Not that long ago, I was having a conversation with some of my colleagues, and we were sharing our excitement about the talent and skills of new team members—a lot of “sharp cookies” with amazing potential pretty much summarized our feelings!
Now, several people had noticed something about one of our sharp cookies. Let’s call him John. John was probably unaware of a gap in his supervisory skills that stood out for all of us. There was consensus that this gap could hinder his performance. This is when I asked, “Who shared this feedback with John?” And then the room went silent. Hmmm…
You see, there is nothing wrong with objectively assessing an individual’s performance (yes, I did underline “objectively”). But—brace for impact as I’m going to be blunt here—noticing an opportunity for improvement and choosing not to inform the person promptly is failing to assume our leadership responsibilities. There, I said it; we fail as a leader if we do that. It is indeed our responsibility to engage in an open conversation when we notice a shortfall and help the individual gain awareness.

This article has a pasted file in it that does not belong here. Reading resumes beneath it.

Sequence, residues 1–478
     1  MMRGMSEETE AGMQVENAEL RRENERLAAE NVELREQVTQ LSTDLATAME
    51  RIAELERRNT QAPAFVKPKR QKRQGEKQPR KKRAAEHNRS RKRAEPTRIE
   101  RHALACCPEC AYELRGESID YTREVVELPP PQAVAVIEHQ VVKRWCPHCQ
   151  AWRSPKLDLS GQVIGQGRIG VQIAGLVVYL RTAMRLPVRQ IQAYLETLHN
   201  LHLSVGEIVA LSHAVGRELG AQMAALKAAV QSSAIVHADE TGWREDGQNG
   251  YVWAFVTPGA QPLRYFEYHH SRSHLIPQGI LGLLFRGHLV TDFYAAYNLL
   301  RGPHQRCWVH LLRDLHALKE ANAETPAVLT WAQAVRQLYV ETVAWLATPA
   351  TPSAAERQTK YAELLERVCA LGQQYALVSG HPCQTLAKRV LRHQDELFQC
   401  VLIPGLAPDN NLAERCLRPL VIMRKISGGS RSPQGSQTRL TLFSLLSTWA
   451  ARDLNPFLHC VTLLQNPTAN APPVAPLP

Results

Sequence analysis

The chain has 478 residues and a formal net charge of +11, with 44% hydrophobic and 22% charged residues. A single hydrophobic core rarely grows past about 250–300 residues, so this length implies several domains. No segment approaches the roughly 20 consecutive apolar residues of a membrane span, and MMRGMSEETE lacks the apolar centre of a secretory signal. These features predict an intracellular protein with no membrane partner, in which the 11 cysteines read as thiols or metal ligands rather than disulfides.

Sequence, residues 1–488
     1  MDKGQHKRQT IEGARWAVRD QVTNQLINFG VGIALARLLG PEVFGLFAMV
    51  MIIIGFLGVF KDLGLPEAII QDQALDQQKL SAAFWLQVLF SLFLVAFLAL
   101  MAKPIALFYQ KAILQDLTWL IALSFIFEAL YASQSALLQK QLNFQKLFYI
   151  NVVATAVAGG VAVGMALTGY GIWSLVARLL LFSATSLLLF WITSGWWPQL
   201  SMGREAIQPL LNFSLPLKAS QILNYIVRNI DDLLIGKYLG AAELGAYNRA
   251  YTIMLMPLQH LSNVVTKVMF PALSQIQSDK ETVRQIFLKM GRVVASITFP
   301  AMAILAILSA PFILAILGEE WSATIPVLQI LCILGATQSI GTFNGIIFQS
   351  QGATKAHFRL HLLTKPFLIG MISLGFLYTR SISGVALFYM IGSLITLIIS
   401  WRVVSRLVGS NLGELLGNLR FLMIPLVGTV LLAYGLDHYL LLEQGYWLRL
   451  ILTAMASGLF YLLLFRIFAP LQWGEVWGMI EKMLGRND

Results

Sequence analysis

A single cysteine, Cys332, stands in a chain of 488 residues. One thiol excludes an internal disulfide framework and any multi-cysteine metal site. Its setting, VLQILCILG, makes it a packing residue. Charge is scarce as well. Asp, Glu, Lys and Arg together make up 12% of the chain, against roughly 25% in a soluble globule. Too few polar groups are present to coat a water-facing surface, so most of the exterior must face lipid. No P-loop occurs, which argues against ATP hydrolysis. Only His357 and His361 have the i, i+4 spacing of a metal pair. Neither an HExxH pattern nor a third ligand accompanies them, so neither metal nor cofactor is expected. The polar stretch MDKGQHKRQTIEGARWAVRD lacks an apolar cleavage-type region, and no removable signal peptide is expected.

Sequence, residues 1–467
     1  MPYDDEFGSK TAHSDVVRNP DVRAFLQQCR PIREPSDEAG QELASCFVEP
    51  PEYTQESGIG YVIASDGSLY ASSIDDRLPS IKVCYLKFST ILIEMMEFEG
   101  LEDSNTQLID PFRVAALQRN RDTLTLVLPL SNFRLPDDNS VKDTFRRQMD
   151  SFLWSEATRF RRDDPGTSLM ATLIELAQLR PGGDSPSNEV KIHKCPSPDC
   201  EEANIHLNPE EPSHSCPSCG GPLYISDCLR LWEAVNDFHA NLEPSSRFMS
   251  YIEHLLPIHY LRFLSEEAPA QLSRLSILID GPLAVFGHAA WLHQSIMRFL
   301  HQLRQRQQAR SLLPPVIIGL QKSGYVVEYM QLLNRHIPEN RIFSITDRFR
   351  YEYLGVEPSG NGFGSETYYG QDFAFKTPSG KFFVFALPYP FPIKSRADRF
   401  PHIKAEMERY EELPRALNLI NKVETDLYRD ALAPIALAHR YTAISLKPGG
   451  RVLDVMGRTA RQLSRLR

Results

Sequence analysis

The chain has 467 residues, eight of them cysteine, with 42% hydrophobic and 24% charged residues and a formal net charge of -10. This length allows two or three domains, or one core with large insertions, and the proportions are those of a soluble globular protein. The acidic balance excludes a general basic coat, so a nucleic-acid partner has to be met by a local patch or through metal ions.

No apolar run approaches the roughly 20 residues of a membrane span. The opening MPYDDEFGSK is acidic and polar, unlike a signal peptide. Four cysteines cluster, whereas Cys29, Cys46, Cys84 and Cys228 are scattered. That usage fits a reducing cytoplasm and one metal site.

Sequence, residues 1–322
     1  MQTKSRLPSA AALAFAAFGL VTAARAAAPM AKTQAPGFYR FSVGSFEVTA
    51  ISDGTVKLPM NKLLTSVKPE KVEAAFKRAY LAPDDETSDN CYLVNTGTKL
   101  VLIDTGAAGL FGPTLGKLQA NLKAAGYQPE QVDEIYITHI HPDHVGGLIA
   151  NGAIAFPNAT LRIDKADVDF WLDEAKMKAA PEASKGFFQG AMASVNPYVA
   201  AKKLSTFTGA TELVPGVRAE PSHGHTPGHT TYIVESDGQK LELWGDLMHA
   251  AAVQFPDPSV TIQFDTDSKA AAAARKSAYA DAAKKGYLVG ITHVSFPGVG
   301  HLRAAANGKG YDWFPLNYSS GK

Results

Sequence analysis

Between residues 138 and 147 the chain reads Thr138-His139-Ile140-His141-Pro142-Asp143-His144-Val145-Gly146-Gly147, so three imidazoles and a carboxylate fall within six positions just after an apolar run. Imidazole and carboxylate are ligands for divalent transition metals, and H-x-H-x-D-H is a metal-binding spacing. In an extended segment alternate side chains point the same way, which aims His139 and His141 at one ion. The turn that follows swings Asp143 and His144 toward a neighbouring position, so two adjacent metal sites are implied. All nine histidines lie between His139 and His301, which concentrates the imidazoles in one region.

By the way, collecting these observations and sharing them as a laundry list during the annual review is truly missing the proverbial boat. Here’s a secret about annual reviews, but don’t tell anyone I told you: the reason we need to have a formalized performance review process is because too many leaders fail to act on their responsibility to provide ongoing feedback right when something happens, in a caring and constructive manner. It is a core leadership responsibility and accountability to play an active role in the development of the individuals we have the privilege to lead. And, if we do our job well throughout the year, the performance review conversation is an enjoyable opportunity to recap discussions that took place over the course of the year and to celebrate progress and successes.
Now, I get that some feedback conversations may get difficult. I tell you what: because this is such an important topic, I’m planning subsequent posts about this. Sound good?
But in the meantime, let me take a wild guess and assume that as you read this post you are only thinking about providing negative feedback and opportunities for improvement. Here’s an idea for you to consider: what if you committed to providing positive feedback as often as you share opportunities for growth? I promise you that if you rise to the challenge, saying “we need to talk” will no longer instill fear in the person at the receiving end of your statement.
And, if you think this only applies at work, think again.
Yours in coaching,
P.S. Here is a great read about difficult conversations, if you are interested and taking ownership of your own learning right away. The book is a bit of a classic and is readily available. Click on the image to read a synopsis.